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Agents Rally For Regulation

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  • Agents Rally For Regulation

    http://www.komu.com/satellite/Satell...4-329f8fee3b75

    Agents Rally For Regulation


    COLUMBIA - Repossession agents are making more trips through Mid-Missouri, seizing vehicles from debtors who are behind on car payments.

    The back lot at Missouri Repossession Services in Columbia contains proof that the current economic crisis is affecting Mid-Missourians of all economic backgrounds. Luxury cars, motor bikes, farm trucks, and family vans, are all lined up to go back to lenders.

    "We've seen it probably, repossession increase 20 to 30 percent compared to what it was last year." Dave Miller of Missouri Repossession Services said.

    As repossession in Mid-Missouri increase, the industry remains largely unregulated. This lack of regulation may threaten the safety of repossession agents who comes to seize vehicles as well as the debtors who face repossession.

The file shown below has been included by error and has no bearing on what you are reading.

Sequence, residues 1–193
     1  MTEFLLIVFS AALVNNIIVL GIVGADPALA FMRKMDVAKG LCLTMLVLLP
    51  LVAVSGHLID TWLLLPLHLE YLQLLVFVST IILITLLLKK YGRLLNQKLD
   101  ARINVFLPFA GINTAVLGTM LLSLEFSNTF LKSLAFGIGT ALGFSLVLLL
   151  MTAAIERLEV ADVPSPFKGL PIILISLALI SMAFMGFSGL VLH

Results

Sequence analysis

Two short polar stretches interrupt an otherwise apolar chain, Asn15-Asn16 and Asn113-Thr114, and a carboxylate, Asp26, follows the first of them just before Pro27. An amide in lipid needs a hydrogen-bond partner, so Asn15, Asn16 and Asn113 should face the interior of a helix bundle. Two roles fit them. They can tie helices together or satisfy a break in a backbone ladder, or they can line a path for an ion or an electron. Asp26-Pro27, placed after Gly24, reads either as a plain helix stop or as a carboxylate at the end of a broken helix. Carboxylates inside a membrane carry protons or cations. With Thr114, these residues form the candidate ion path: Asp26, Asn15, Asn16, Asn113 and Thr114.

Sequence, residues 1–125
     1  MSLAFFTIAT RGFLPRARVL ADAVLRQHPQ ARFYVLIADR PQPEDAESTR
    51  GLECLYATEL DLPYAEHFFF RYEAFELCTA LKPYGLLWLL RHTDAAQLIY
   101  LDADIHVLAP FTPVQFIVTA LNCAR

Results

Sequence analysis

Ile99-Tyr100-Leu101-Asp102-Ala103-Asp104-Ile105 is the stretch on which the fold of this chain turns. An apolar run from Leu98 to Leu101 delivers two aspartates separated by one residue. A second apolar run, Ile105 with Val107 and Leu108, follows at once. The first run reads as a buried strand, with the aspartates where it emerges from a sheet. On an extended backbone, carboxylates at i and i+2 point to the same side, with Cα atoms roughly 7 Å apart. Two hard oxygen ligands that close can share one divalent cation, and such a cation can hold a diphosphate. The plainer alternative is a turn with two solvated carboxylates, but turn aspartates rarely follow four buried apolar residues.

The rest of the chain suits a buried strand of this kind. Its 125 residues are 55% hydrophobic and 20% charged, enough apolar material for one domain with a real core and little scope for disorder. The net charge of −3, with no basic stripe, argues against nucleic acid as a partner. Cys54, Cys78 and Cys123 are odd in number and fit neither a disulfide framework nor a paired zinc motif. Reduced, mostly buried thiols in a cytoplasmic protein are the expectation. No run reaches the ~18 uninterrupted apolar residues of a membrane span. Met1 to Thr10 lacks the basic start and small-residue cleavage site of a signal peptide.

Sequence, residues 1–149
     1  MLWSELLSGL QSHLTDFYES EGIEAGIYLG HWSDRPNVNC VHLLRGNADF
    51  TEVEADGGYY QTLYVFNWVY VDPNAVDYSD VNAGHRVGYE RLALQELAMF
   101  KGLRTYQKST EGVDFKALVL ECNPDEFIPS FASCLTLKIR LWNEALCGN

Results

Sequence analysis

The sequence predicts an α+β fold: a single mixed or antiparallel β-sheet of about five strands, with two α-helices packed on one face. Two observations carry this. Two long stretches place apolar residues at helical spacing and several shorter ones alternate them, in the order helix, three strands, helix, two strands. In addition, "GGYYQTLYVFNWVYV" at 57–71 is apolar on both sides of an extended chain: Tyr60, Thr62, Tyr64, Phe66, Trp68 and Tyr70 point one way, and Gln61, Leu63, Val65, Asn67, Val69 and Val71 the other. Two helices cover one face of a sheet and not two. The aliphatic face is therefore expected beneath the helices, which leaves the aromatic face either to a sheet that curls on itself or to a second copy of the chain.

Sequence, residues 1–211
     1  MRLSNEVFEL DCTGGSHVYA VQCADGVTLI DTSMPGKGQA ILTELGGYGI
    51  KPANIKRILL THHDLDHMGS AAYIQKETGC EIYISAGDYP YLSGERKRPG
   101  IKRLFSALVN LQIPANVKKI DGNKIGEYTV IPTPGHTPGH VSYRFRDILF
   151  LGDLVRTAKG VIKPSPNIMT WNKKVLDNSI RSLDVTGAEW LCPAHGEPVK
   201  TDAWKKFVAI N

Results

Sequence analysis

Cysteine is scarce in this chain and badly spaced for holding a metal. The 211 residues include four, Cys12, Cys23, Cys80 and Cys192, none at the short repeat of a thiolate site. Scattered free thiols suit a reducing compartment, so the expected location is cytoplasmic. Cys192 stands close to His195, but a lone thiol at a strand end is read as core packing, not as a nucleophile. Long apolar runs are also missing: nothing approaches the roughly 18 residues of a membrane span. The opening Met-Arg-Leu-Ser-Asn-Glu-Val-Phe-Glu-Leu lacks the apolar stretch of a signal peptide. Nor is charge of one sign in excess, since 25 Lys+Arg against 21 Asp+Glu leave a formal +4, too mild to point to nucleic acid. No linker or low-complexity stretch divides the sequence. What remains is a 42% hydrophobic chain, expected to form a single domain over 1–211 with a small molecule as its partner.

Repossession agents don't need licenses in Missouri, so anyone can set up a business without meeting any state guidelines. Even the existing Missouri law on retrieval is unclear. Missouri is a self-help repossession state, which allows a creditor to seize a vehicle when the debtor hasn't paid. In taking the vehicle, agents can't "breach the peace" which is defined as "knowingly disturbing or alarming another person".

    "The definition of the law is so vague on this, that you really don't realize the you've breached the peace until it's tried in court," Miller said.
    On this trip, the debtor gave up his car peacefully, but Miller and his sons have faced their share of dangerous repossession trips involving irate debtors carrying loaded weapons or threatening to kill them. These situations happen when both agent and debtor believe they have rights to the vehicle. Miller says that bad agents who try to get vehicles by any means make the job more dangerous for the rest of the industry.
    Miller is lobbying to change the law with stricter regulations for agents, and more guidance on what breaching the peace means and how agents can seize vehicles.